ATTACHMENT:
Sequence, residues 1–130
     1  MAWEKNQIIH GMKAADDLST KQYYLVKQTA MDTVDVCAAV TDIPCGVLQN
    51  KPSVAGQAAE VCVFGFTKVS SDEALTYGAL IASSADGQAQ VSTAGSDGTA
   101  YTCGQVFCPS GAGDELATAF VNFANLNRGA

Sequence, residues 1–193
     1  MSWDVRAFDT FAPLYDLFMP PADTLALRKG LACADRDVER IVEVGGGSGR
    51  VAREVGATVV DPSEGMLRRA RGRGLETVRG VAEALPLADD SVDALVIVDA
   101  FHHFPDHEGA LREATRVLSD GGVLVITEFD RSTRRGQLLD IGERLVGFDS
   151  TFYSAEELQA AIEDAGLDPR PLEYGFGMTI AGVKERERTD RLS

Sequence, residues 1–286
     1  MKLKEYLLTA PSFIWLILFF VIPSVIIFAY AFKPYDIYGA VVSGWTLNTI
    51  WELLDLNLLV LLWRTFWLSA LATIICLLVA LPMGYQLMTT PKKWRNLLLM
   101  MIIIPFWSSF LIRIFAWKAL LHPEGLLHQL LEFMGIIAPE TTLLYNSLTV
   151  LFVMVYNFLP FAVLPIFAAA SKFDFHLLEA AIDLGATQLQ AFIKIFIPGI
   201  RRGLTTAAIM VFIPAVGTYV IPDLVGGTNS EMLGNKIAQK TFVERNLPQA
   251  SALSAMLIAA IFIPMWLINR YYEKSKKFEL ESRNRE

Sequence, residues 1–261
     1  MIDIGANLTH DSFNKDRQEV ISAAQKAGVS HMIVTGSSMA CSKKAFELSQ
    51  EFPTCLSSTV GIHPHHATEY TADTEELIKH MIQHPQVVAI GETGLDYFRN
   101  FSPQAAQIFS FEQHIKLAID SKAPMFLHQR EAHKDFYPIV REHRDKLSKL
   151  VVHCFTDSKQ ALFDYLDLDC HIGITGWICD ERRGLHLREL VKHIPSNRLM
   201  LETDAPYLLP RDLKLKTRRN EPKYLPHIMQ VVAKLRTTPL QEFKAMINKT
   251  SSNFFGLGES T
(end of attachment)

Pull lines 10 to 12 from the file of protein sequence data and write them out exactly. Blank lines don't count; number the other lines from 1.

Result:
Sequence, residues 1–286
     1  MKLKEYLLTA PSFIWLILFF VIPSVIIFAY AFKPYDIYGA VVSGWTLNTI
    51  WELLDLNLLV LLWRTFWLSA LATIICLLVA LPMGYQLMTT PKKWRNLLLM